While police were investigating a robbery that occurred earlier that day, Jackson tried to enter the bank during business hours, but was stopped by locked doors. After coming back a few minutes later, a bank manager noticed Jackson at the door and went outside to ask questions. A few moments later, the manager informed Detective Charles Kleinert, who was interviewing bank employees, that Jackson “misidentified” himself.

Kleinert himself went to the door and questioned Jackson for a few minutes, and Jackson ran from the detective. Kleinert commandeered a civilian car to hunt down Jackson to a bridge near Shoal Creek and 34th Street. After a scuffle, he shot Jackson in the back of the neck.

After the shooting, Assistant Police Chief Brian Manley told reporters they were “confident” Jackson was going to “commit a fraud” [1] at the bank. He would not comment why he was so confident, nor what type of fraud Jackson was planning to commit. When asked if it was illegal to run from police, Manley said no, but added, “It’s never a good idea to run from police.”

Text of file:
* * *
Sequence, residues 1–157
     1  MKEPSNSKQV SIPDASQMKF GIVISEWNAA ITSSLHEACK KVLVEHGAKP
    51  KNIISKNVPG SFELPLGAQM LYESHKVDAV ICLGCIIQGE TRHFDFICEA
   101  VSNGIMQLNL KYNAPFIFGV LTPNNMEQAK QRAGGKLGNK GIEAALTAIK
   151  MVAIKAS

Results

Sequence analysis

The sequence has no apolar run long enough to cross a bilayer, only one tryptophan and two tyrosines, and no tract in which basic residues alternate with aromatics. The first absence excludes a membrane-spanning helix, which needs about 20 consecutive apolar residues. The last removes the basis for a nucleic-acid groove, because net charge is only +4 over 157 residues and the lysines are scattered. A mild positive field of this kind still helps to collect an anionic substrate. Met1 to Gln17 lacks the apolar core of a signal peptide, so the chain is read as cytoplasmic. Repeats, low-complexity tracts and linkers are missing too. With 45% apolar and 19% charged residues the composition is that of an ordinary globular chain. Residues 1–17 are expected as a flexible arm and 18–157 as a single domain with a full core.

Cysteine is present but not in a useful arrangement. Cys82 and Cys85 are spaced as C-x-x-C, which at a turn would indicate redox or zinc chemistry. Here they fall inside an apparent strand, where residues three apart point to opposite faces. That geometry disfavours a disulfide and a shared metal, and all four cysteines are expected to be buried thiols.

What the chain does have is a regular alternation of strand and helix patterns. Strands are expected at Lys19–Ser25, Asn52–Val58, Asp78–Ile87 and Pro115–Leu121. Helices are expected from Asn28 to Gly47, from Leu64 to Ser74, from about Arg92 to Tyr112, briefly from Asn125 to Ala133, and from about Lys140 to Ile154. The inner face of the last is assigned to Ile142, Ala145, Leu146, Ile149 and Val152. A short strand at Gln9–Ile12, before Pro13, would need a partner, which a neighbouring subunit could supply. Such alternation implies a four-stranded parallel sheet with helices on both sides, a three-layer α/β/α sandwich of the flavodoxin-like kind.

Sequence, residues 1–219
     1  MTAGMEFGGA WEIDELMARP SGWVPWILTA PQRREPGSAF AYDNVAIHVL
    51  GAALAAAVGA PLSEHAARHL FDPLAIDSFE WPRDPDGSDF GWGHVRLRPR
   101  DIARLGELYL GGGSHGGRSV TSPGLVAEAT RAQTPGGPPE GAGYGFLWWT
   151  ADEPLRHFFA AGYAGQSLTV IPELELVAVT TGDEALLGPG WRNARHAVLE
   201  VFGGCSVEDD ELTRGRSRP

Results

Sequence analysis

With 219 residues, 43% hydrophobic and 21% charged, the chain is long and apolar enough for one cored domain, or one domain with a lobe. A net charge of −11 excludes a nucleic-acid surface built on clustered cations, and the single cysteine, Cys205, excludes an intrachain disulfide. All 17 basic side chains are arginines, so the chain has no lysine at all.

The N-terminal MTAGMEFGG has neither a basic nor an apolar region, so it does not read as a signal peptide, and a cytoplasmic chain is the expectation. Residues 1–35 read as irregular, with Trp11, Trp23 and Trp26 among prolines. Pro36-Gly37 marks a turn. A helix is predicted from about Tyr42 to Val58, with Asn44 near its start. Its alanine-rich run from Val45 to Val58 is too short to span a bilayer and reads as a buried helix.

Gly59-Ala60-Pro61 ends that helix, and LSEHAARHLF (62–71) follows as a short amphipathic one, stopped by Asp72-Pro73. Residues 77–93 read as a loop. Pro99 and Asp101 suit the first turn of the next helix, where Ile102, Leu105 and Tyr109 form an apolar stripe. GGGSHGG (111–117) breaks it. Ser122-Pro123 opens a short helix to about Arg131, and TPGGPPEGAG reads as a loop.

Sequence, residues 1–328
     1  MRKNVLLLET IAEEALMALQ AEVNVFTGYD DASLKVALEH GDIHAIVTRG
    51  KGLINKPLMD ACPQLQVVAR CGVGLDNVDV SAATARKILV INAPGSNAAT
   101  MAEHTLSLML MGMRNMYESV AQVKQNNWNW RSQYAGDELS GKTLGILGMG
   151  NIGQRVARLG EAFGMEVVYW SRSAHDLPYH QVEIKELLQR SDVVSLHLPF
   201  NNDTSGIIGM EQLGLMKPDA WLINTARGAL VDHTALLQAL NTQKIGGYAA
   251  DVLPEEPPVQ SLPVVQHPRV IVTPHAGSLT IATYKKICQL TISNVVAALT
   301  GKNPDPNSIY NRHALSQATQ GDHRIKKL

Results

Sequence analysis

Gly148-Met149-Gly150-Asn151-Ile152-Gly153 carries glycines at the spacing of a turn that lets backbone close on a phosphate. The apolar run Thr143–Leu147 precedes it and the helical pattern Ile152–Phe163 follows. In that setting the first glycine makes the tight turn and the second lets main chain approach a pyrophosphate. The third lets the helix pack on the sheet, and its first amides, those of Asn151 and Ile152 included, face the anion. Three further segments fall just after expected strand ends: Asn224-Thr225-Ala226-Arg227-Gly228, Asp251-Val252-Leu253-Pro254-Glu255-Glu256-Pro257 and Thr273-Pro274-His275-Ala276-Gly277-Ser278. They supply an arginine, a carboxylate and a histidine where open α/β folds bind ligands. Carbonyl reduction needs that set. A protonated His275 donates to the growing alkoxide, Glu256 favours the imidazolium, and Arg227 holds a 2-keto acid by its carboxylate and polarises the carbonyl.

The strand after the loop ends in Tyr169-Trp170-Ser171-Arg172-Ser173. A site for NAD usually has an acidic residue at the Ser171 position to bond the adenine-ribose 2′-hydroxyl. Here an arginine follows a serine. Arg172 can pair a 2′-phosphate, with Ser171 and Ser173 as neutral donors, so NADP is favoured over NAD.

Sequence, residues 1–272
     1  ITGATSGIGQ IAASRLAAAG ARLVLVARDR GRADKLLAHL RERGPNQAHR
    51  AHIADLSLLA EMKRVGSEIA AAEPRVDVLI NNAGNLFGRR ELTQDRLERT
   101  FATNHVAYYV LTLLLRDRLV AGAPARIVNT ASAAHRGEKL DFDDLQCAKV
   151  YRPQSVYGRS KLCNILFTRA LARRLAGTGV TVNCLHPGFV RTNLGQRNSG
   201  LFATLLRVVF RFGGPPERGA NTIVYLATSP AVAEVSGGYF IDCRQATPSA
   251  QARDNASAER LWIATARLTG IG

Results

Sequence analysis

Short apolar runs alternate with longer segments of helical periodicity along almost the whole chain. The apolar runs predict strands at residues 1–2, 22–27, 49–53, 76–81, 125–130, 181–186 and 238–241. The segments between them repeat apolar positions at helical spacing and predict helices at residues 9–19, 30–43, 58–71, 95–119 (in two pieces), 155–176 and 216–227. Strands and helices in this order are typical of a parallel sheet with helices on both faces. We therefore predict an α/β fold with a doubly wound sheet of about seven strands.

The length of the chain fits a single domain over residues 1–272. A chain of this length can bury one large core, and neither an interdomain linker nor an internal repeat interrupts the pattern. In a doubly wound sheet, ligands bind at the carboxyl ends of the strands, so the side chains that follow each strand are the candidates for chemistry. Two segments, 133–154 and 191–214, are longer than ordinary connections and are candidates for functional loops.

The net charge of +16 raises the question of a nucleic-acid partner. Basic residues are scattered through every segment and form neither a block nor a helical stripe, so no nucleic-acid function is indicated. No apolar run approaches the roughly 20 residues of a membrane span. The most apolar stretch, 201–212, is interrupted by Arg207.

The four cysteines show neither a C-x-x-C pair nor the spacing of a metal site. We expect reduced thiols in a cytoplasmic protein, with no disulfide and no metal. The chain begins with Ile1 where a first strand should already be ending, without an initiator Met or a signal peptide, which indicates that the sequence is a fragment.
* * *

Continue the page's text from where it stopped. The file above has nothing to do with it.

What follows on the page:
– – – – – – – – – – – – – – – –

JACKSON’S DEATH at the hands of police is a bitter reminder of the racism that continues to thrive in Austin and around the country. If we look at previous cases in which Austin police killed unarmed people of color, Jackson’s family and their supporters could face a long struggle–many other families are still fighting to attain justice for their slain loved ones.